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Gundlach responds to TCW lawsuit, and plans countersuit

January 7, 2010 |  3:49 pm

Ousted TCW Group money manager Jeffrey Gundlach, who was sued today by TCW for alleged theft of company data and secrets, is expected to soon file a counterclaim suit against the L.A. financial giant.

Here is the statement from Gundlach’s new firm, DoubleLine Capital, responding to the TCW suit:

The allegations in the complaint are meritless and will be proven so in a court of law. TCW’s lawsuit is a blatant attempt to damage DoubleLine’s business and clients. DoubleLine and Mr. Gundlach are asserting their legal rights in a law suit to be filed shortly, which will demonstrate the thoroughly baseless nature of TCW’s claims and seek redress for TCW’s deplorable conduct.

The false and hyperbolic personal attacks by TCW are obviously a gratuitous and irrelevant gutter tactic, which merely underscores the weakness of TCW’s claims.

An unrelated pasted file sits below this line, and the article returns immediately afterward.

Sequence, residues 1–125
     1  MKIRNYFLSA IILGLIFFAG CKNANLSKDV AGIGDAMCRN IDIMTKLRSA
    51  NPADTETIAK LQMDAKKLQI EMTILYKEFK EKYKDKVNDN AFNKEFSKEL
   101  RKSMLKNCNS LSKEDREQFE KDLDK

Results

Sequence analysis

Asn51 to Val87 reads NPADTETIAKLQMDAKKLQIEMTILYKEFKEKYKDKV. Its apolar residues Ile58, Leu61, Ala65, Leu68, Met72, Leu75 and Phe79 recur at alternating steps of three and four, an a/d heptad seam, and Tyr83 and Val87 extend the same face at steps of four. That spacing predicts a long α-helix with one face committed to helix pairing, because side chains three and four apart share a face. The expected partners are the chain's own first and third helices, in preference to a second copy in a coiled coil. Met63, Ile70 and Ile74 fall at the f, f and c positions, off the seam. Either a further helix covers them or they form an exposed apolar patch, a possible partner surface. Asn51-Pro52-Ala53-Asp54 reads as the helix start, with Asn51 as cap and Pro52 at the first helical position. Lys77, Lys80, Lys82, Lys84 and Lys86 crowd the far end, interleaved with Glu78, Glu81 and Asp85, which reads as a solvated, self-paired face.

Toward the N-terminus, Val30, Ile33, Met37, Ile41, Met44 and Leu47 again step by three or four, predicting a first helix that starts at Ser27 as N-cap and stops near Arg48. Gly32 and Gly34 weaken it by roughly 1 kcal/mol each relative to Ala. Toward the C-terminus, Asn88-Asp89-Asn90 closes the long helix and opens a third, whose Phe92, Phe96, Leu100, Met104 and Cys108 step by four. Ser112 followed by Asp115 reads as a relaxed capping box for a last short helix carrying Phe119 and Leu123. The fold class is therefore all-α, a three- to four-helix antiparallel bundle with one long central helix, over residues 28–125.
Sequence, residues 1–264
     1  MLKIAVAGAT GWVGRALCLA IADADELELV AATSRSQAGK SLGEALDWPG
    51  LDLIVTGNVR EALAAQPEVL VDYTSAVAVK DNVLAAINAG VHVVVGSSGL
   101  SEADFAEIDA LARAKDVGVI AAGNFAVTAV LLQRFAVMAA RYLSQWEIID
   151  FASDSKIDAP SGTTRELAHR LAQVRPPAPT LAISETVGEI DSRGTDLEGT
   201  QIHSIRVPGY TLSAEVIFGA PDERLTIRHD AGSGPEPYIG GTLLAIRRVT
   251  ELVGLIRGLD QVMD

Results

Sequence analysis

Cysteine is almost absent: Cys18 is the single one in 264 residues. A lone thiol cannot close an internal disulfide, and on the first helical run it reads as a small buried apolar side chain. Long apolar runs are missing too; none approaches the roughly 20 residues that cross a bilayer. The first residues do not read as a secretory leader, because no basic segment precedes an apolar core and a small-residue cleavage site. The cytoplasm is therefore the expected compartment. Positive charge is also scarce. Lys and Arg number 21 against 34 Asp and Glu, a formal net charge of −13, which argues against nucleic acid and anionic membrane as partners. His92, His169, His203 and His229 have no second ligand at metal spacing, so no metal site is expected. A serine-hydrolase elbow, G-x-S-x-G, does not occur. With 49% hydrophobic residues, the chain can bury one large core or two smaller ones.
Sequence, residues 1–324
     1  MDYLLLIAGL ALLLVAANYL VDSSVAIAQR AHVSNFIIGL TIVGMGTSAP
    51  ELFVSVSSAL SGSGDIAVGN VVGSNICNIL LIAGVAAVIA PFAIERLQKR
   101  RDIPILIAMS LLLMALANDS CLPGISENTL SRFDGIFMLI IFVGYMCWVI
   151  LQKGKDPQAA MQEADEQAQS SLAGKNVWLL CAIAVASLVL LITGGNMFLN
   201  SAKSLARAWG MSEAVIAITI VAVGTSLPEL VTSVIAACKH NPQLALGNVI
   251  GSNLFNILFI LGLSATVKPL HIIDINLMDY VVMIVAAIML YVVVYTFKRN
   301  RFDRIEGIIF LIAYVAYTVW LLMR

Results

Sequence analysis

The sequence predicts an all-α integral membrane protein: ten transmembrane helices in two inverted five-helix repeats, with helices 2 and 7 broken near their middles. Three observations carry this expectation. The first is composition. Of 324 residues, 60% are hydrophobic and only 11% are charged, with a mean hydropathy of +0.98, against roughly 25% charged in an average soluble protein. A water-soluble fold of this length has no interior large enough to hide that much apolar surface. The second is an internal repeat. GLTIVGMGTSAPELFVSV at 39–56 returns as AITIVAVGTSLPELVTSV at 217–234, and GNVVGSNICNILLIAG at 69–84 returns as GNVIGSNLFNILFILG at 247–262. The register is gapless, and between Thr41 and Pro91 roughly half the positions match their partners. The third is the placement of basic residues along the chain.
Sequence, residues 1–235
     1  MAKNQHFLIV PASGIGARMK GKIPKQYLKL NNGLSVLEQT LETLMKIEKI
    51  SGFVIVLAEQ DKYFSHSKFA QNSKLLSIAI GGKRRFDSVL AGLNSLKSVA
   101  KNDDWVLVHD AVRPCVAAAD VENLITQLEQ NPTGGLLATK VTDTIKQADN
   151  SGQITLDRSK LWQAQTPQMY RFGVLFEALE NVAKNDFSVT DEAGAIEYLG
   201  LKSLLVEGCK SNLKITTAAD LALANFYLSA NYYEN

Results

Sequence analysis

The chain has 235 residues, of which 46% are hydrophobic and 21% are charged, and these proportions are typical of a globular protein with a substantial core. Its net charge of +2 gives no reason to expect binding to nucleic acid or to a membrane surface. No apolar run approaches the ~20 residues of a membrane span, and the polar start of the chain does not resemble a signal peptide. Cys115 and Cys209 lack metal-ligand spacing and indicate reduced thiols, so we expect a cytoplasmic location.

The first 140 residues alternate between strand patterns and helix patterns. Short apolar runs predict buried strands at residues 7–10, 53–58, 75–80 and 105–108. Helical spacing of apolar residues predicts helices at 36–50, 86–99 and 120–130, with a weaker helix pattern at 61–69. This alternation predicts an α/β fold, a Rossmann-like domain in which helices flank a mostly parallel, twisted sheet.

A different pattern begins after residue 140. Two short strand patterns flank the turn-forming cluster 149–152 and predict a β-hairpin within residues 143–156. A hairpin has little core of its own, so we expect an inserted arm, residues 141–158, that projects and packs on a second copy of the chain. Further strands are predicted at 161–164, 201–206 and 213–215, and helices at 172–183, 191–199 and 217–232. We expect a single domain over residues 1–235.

The TCW suit, filed in state Superior Court, primarily focuses on allegations that Gundlach, who was fired by TCW on Dec. 4, was plotting to leave the firm for months. The suit alleges that Gundlach and members of his staff systematically downloaded proprietary TCW client and trading information in the months leading up to Gundlach’s termination, with the intent of using it to launch a rival money management firm.

The 50-year-old Gundlach, a star bond fund manager who had been TCW’s chief investment officer since 2005, formed DoubleLine on Dec. 14. About 40 of his 65-member TCW staff have defected to DoubleLine.

TCW asserts that Gundlach had become “unfit” to remain a senior officer, citing behavior that had become “erratic” and “increasingly and openly confrontational.”

As noted in this earlier blog post, the suit says that on the day TCW fired him, the firm found marijuana, drug paraphernalia and pornography in his TCW offices. Gundlach maintained a Westside office in addition to his office in TCW’s downtown L.A. headquarters.

Gundlach has hired law firm White O'Connor Fink & Brenner. TCW’s suit is being handled by the firm Quinn Emanuel.

[An earlier version of this post incorrectly said Gundlach's law firm was White & Case.]

-- Tom Petruno

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